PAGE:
Saturday, November 21, 2015

N162HG 2.3 Flight over the coast with Alex

I have promised a flight to our son's outdoor ed instructor Alex since before I got my license. Now she's leaving to travel to South America, so we figured we'd better do it soon.

We started at 9am today at the flying club with an extensive "how airplanes fly" briefing. We talked about lift, parasite and induced drag, the power curve, balance, and stability -- the basic longitudinal dynamics of the aircraft. Starting from a set of pre-made foam model airplane wings and a cheesy arrow made out of some square dowel, cardstock fins and a weight taped to the front, we demonstrated their stability characteristics individually, then rubber banded them together to make an glider we could fly around the ramp.

I took Alex along on the pre-flight walk-around, then we buttoned in, got a pax briefing, and we were off.

We departed Left Dumbarton towards San Gregorio, then flew down and up the coast. We overflew KHAF (but did not land, due to a 10kt direct crosswind I didn't want to mess with). Instead, we flew over the Crystal Springs reservoir, down over Highway 280 almost to the Hwy 17 intersection, then back up. I called into KPAO from the intersection of Hwy 280 and Hwy 85, got a straight in, and did a normal landing. I then did one more lap around the pattern to show Alex a short field takeoff and landing, then we parked and were off.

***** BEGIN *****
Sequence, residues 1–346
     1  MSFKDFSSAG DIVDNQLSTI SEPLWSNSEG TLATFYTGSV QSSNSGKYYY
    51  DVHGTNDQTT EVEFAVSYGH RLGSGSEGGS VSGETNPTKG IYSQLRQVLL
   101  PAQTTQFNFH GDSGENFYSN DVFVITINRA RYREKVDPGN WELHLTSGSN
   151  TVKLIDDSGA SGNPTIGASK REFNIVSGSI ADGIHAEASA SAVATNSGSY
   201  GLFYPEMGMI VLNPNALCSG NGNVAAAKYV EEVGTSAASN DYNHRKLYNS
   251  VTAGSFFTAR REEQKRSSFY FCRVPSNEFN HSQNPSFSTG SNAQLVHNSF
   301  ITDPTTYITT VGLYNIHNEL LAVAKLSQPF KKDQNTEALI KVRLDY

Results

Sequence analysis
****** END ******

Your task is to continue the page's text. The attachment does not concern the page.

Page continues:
During the flight, we did a lot of sight-seeing around the coast and the landmarks of Santa Cruz, and I performed some maneuvers to demonstrate to Alex the things we had learned about earlier. I had never done these "experiments" in such a controlled fashion before, and I developed a new-found respect for the Flycatcher. Trimmed for level flight at 95 kias, cutting power resulted in the least unsurprising thing possible -- a descent at 95 kias. Firewalling the throttle resulted in a gentle climb at -- guess what? -- 95 kias. Effing textbook! Pulling back the stick -- which as I noted was the "fast/slow" control not the "up/down" control -- slowed us down to 70 kias, and just as the power curve predicted, we climbed faster! Getting this performance of course requires that Cessna carefully design all the various and sundry second- and third-order effects to cancel out, but the result is very easily "explainable" via the first-order theory.